As a result, appliances manufactured before that date are not designed with the same ozone protection standards as appliances manufactured after that date. You also need to know a variety of coolant recovery techniques, including how to recover the refrigerants from a non-operational device.

Finally, this exam includes safe refrigerant disposal techniques. EPA 608 Type 2. The EPA 608 type 2 certification is designed for those who need to work with high pressure coolant systems such as supermarket refrigeration systems. Beyond the core requirements for all EPA certification tests, this exam also covers leak detection in high pressure systems, including recognizing signs of a leak and methods of testing for leaks. This exam also covers leak repair, as well as recovery methods and requirements for different appliances. As with all exams, safe disposal techniques for the coolants used in these appliances are also covered.

EPA 608 Type 3. The EPA 608 type 3 exam is for those working with low-pressure systems, primarily chillers. This exam covers leak detection and leak testing options for a low-pressure system, which differ significantly from those used on high-pressure systems. This exam also covers the recovery of refrigerant from the system prior to a major repair; safe methods of refrigerant disposal; and requirements to safely recharge the equipment with new refrigerant following a repair. EPA 609.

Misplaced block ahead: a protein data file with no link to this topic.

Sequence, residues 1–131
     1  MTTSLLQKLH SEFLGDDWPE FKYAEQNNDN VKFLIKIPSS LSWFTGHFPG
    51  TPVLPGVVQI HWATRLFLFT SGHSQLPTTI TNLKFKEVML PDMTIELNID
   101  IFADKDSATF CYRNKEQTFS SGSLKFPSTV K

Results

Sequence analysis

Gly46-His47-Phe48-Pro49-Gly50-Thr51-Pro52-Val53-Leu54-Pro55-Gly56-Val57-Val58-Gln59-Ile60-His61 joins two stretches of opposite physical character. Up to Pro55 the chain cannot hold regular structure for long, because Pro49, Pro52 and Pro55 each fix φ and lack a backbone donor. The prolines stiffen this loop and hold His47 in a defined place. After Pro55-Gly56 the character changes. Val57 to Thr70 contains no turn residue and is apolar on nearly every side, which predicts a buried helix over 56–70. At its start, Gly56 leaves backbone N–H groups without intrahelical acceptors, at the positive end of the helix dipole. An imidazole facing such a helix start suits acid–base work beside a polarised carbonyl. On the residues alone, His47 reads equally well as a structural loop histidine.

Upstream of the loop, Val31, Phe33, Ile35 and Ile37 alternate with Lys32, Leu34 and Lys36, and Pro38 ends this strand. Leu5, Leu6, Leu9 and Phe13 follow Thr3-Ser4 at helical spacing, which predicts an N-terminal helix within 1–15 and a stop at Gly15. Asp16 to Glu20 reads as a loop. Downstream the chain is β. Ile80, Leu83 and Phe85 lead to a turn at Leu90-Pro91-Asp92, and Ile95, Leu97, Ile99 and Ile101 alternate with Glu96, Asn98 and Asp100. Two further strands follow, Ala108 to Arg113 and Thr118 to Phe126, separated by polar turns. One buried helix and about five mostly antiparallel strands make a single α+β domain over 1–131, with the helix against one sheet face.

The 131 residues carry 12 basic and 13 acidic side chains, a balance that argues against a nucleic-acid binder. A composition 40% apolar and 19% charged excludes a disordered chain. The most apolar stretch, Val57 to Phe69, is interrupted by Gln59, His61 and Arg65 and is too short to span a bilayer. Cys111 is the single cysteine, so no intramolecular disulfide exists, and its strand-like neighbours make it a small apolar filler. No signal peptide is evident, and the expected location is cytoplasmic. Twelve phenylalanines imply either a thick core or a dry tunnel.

The EPA 609 exam is an entirely different test from any of the 608 certification exams from groupbuy seo. The 609 exam is specifically geared to automobile mechanics. You must successfully complete this exam to work with motor vehicle air conditioning systems. This test covers everything you need to know to safely drain, repair and recharge with refrigerant the air conditioning systems in cars. This certification is not acceptable for dealing with refrigerated cargo trucks, which would require one of the above certifications. The 609 certification is only for passenger cabin air conditioning systems.

Testing Protocol

The EPA 608 certification tests are closed book, multiple choice exams. These can be taken online or in person via a HVAC distributor or a certified online testing company. Each section of the EPA exam has 25 questions, of which you need to answer 18 questions correctly. There is one section for the core requirements, and one for each certification type. The EPA 609 certification exam is 50 questions, open book, and requires 42 correct answers to pass. Stuart, Alice. “How to Prepare for the EPA Certification Tests.” Work – Chron.com